If you can gather anything from the detailed neighborhood metrics, you’ll learn one thing: Bay Ridge isn’t changing very dramatically at all.

As we discussed in the episode, businesses opening and closing always occurs. Nothing can stay the same forever. Younger generations are opening stores. We should not confuse an upcoming generation of entrepreneurs as foreign, bad, or out of character with the neighborhood.

Keeping the Avenue clean

Yes, the Sanitation Department cleans out trash cans on avenues, but that’s all they can do. If someone doesn’t put their trash in a can, it’s up to street sweepers to (eventually) clean up the mess. Because of this, many BIDs form expressly to deal with sanitation issues on busy commercial streets.

The Bay Ridge 5th Avenue BID has four full-time staff that go up and down 5th Avenue, from 88th to 65th Street. They pick up litter and generally keep the sidewalks looking good. On snowy days, they also help shovel curb-cuts and help make sure the avenue is safe. As Amanda mentioned, this service alone is perhaps worth the BID assessment fees.

Hours Spent Cleaning: 8,900
Trash Bags Collected: 36,000
Graffiti Removed: 3,600


Other groups usually need to resort to other methods to keep trash cans clean. For example, 3rd Avenue merchants, who pay $175 annually in dues, have relied in the past on the Sanitation Department’s “Adopt-A-Basket” program. This is a volunteer program where store owners donate money and keep the cans clean themselves. The program is similar to Fight Back Bay Ridge’s recent efforts at the Dyker Heights holiday lights.

Indeed, perusing social media about Bay Ridge, most sanitation complaints seem to come from 3rd Avenue.

Funding a BID

In the episode, we discussed the nuances of an assessment versus a “tax”. This indeed is a highly contentious issue. Disliking the assessment and how it’s managed is often the primary reason people oppose BIDs, especially amongst merchants and store owners.

With 359 storefronts and an annual assessment income of $427,000 [see financial statements], the cost to store owners in the BID is about $1,190 per year.

However, Amanda mentions that the Bay Ridge 5th Avenue BID primarily bases its assessment on store frontage. This means that the smaller a storefront is, the less their BID fee is. Most stores would pay slightly less than the $1,190 average rate, and bigger stores like banks would pay slightly more.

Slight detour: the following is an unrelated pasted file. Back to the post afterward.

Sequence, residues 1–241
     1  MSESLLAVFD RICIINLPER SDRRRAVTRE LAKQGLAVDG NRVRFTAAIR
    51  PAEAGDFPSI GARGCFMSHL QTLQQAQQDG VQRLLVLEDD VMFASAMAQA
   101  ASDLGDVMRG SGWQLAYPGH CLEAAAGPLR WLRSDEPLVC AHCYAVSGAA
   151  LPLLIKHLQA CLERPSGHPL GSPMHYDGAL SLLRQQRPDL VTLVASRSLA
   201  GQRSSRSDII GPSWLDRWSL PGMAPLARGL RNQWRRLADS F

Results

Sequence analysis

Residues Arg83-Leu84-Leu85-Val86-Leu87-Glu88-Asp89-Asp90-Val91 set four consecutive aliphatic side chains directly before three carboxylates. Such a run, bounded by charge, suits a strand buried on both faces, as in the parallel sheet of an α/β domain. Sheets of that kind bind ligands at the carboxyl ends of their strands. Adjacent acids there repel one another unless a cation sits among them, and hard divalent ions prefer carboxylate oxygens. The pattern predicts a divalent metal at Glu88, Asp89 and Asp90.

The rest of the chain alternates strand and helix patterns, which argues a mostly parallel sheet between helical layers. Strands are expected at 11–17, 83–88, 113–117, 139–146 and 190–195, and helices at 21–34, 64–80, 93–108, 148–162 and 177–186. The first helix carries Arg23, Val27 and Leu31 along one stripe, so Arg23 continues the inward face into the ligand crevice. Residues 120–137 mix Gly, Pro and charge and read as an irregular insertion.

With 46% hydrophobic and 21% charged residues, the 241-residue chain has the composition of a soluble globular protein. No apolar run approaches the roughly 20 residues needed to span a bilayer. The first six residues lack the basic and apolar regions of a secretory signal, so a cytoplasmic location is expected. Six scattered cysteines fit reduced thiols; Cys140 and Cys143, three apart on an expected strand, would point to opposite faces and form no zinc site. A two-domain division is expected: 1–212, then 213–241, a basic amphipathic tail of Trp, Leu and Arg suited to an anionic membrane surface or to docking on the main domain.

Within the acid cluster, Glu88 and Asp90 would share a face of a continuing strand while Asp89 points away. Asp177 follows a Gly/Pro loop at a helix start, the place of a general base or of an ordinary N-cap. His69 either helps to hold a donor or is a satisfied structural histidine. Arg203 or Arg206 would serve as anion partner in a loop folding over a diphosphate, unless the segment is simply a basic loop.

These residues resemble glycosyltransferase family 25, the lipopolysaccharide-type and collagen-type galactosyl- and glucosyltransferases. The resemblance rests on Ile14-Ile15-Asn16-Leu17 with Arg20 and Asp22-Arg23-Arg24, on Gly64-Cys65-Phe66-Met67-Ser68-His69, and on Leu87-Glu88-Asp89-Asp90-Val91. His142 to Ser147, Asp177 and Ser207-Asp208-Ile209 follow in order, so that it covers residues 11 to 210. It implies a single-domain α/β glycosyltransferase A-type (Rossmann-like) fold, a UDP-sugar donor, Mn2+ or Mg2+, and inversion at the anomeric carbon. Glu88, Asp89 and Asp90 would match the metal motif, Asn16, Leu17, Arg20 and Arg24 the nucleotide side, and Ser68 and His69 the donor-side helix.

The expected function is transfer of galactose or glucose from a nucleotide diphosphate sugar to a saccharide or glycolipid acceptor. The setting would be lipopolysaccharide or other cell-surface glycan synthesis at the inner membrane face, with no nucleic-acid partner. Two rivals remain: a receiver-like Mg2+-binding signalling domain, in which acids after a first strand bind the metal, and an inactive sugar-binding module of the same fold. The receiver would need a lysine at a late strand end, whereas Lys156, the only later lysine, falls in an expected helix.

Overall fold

We asked Amanda about alternative funding streams for the Bay Ridge 5th Avenue BID. She mentioned a desire to increase event sponsorships and service funding, as well as the difficulty in applying for grants. This isn’t unusual: most recent BID trend report shows that nearly 73% of all BID funding comes from assessments alone. The second largest income stream is from Contracts & Program Service Revenue (such as sponsorships at events, concession sales, parking lot rentals, ad revenue). Only 1.7% comes from grants, usually for the 35 BIDs that exist in low-to-moderate income neighborhoods.

Source: FY17 BID Trends Report by NYC Small Business Services

Staffing a BID

We mentioned that the Bay Ridge 5th Avenue BID has only recently upgraded to 2 full-time staff members. You can actually see the extreme variety of BID sizes in the diagram below. Our little Bay Ridge 5th Avenue BID sits in the center among the majority of BIDs with small 1-2 person staffing structures. The 86th Street BID doesn’t even appear, having no full-time staff members, much like the 5th Avenue BID for much of it’s history

Data via NYC Small Business Services circa 2017. In 2018, the Bay Ridge 5th Ave. BID staff increased to 2 full-time members.

Amanda mentions James “Jim” Clark as essential to the BID’s formation. Jim, a Dyker Heights resident who runs 14 Apollo Real Estate, was a longtime president of the BID’s Board of Directors, and now serves as treasurer. You can read more about Jim in local newspapers; he’s had a long run and extensive involvement in local civic organizations.